Survey Finds Support for Gas Tax Increases

May 9, 2011

Source:  ARTBA (reprinted with permission, Washington Newsline, May 9, 2011)

A Mineta Transportation Institute at San Jose State University study released May 5 found 62 percent of respondents supported a 10- cent per gallon federal gas tax increase specifically dedicated to improving road maintenance.  Backing for a 10-cent increase dropped to below 50 percent when revenues were dedicated to transportation projects to reduce local air pollution and global warming.  The study also evaluated other infrastructure revenue generating alternatives: 45 percent or respondents approved of a 0.5 cent sales tax increase; a mileage tax adjusted by vehicle pollution levels received 36 percent; and a flat mileage tax of 1 cent per mile was supported by 22 percent. Interestingly, a generic gas tax increase of 10 cents per gallon without specific goals received only 24 percent backing. This data suggests that respondents were willing to invest so long as there are clear and identifiable infrastructure benefits.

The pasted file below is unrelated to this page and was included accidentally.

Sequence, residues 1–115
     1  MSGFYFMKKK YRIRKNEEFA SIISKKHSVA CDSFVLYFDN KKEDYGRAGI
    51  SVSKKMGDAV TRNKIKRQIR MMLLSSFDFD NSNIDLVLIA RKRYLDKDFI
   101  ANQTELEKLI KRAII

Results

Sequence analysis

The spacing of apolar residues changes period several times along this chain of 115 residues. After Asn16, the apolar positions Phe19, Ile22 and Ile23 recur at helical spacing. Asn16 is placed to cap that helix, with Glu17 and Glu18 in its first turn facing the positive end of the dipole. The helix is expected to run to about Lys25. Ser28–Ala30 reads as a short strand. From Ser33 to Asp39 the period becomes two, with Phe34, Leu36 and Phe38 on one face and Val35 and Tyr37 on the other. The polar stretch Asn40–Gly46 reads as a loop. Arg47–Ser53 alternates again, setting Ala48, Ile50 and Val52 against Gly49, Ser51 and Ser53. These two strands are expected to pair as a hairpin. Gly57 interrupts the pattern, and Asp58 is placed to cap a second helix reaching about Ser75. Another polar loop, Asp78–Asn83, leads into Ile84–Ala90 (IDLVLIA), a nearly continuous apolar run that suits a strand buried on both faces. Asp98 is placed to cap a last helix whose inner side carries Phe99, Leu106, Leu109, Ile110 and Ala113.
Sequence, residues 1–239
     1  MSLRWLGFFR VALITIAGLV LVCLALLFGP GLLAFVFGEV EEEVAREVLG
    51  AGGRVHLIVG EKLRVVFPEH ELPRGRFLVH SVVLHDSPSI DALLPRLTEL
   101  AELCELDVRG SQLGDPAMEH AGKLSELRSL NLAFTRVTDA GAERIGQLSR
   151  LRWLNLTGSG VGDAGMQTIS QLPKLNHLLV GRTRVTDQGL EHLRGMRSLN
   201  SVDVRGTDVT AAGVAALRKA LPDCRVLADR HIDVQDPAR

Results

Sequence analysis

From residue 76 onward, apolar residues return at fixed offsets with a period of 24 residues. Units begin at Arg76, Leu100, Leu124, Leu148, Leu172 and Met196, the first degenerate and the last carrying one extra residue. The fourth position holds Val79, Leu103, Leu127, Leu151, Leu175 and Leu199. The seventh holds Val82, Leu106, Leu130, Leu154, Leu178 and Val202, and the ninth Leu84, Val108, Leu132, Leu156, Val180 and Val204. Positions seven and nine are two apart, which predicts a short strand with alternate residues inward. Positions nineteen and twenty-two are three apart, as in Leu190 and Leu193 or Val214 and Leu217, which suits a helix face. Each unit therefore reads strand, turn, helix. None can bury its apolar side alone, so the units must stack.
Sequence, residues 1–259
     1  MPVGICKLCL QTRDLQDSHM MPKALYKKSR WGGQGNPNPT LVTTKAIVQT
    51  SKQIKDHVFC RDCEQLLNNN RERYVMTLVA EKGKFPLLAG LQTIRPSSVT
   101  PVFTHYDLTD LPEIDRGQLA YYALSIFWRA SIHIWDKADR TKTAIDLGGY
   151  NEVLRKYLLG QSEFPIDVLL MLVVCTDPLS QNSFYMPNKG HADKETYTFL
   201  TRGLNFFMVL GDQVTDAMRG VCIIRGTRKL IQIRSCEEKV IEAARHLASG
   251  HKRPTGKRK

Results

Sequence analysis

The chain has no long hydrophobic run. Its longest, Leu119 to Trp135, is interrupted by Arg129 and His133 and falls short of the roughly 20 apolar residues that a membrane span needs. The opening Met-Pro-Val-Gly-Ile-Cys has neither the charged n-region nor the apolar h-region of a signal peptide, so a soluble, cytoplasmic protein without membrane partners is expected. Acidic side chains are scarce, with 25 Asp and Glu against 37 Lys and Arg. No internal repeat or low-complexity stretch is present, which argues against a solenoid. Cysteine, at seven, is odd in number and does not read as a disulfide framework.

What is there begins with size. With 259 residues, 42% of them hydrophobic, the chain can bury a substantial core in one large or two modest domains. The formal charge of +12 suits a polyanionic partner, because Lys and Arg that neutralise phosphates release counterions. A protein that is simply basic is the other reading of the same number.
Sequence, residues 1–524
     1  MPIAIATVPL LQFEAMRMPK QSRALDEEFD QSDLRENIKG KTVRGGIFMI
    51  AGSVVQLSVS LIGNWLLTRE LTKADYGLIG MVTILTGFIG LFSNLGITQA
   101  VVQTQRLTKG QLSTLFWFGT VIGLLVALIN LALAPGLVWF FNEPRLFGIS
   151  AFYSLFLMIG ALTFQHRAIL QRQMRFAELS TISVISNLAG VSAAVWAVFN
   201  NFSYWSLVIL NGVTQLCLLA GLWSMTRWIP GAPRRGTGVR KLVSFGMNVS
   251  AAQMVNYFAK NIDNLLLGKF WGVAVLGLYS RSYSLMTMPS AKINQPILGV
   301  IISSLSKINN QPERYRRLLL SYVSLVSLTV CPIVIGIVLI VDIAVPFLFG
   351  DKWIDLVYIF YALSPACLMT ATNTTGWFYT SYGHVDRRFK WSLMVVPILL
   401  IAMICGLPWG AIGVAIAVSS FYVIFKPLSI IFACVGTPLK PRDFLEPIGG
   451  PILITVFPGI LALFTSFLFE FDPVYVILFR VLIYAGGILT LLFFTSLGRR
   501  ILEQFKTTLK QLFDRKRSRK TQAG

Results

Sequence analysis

The Mineta findings contrast with a February 2011 survey from the Rockefeller Foundation where 71 percent of respondents said “it would be unacceptable to increase the federal gas tax.” The disparity amongst these survey results, and others, reinforces the varying degrees of public understanding on transportation finance and the importance of how opinion surveys are crafted.  To view the study, click here.

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